After 1966 we ignored foreign football. Didn’t do us no harm. Except it did

After England’s Wembley victory on Saturday 30 July 1966, I was convinced that was it.

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I am looking forward this summer to all the celebrations, supplements, street parties and World Cup Willie memories marking 50 years since England won. Gives me a chance to boast once again. I was there.

I was also there, sitting in Abbey Road, while the Beatles were creating Sgt Pepper. Another thing I’m always boasting about. Two events in the Sixties when our lads done good, topped the world.

I remember at the time, in the stadium and in the studio, wondering what it would mean – would the effects of each be everlasting?

Although I loved the Beatles dearly, I didn’t see them surviving another ten years. It was freakish, in a way, that John, Paul and George should have grown up together in one small corner of England and turned out world beaters. Yet surely it would happen again. Other groups would be bound to emerge, create better songs, sell more records, have more influence. In 1966, clever clogses were saying that the Beatles would soon fade. They thought that themselves.

It never happened. Michael Jackson now and again sold more records. Bob Marley was a brilliantly creative songwriter, but his output was nothing like that of the Beatles. The further away we seem to get from the Beatles, the bigger they become. They have left more than 100 songs that will be remembered as long as we have the breath to hum the tunes.

After England’s Wembley victory on Saturday 30 July 1966, I was convinced that was it. I still have my programme as well as my ticket for the South Stand – Entrance 36, Row 9, Seat 37, price £5, one of the best in the house. I got it through my friend James Bredin, now dead, the boss of Border Television, a thriving little regional ITV station, now also deceased.

Oh, it was so exciting, even though it went by in a flash and I was never aware of the Soviet linesman allowing Geoff Hurst’s second goal, nor the Germans going mad; but it didn’t matter anyway, as Geoff then got a third. Did we call him Geoff in 1966? Seems overly familiar. Perhaps we all shouted: “Come on, Mr Hurst,” or: “Please hit the ball, sir.”

We weren’t thinking normally that day, or that year, or the next decade. There was pride, of course, but allied with smugness and superiority. Had we not invented the game? Had we not taught these foreign Johnnies all they knew? It was only our right, our entitlement.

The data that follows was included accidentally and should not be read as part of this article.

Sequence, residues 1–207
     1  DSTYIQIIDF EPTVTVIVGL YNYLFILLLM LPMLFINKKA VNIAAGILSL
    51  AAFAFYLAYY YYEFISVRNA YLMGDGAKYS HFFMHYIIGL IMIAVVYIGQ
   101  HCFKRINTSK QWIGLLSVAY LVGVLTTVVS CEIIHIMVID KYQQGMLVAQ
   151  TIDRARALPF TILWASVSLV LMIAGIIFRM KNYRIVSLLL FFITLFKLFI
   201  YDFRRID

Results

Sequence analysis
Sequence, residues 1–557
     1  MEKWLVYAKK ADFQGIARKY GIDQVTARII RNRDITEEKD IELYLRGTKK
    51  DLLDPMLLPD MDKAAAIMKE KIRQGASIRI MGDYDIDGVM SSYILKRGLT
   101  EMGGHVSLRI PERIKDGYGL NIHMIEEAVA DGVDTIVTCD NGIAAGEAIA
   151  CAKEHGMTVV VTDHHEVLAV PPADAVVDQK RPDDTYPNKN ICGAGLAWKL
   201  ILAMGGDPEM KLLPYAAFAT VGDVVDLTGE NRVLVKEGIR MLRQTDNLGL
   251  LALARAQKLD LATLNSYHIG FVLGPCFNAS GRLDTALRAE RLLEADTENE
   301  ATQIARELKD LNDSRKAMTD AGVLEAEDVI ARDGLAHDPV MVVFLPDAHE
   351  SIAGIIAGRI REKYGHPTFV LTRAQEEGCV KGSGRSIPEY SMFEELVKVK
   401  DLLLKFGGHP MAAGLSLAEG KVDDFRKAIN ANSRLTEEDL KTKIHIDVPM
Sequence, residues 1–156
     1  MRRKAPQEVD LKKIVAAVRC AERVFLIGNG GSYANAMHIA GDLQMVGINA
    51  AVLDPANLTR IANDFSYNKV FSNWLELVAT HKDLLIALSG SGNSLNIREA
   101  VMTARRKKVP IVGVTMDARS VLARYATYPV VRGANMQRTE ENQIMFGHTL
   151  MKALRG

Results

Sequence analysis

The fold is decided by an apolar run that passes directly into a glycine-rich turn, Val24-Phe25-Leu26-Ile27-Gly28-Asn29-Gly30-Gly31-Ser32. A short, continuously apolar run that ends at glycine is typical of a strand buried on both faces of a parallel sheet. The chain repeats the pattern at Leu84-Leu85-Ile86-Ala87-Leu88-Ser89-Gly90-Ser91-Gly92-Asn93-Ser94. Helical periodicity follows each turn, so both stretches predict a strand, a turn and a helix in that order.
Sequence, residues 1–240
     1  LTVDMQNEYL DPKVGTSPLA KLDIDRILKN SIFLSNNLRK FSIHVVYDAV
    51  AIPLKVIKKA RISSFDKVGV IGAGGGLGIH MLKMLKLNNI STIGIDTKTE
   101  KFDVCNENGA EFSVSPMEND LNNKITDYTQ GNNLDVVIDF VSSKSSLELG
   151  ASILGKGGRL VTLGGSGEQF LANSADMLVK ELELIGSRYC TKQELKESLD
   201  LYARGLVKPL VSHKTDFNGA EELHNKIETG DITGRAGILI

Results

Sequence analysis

No need to worry about these funny foreign ways any more, or their strange formations, silly defences and strange tactics. When I first heard of catenaccio, I really did think it was some sort of Italian frothy coffee.

For the next few decades we ignored all the new ideas, new playing systems that were being introduced on the Continent, and continued our own sweet ways, which generally meant hoofing it upfield. We scoffed at the notion of footballers watching their diets. Steak and chips before the game had been good enough for Dixie Dean. Ten pints after the game was normal. Didn’t do us no harm.

Then there were the strange boots, more like slippers or ballet shoes, as worn by Johnny Foreigner. How could you play in them? Lightweight boots had been around for a long time, and they were shunned by us. They were always described as “Continental boots”. It was if we were still trying to distance ourselves from this poncey notion.

We became convinced that Continentals and South Americans had nothing to teach us, that black players were slow and lazy, couldn’t stand the cold, didn’t like it up ’em, so we lumbered on in our lumpen ways. No need to try new things, reorganise, renew. Bugger that lot. English football is best. And always will be.

As I went home that summer Saturday in 1966, glowing with pride, I was sure it was just the beginning. We’d go on to win loads of World Cups, dominate world football, show them how to do it. I now can’t see it happening again. Not in my lifetime. What’s left of it . . . 

Hunter Davies’s new memoir, The Co-Op’s Got Bananas!, is published by Simon & Schuster

Hunter Davies is a journalist, broadcaster and profilic author perhaps best known for writing about the Beatles. He is an ardent Tottenham fan and writes a regular column on football for the New Statesman.

This article appears in the 21 April 2016 issue of the New Statesman, Shakespeare 400 years Iater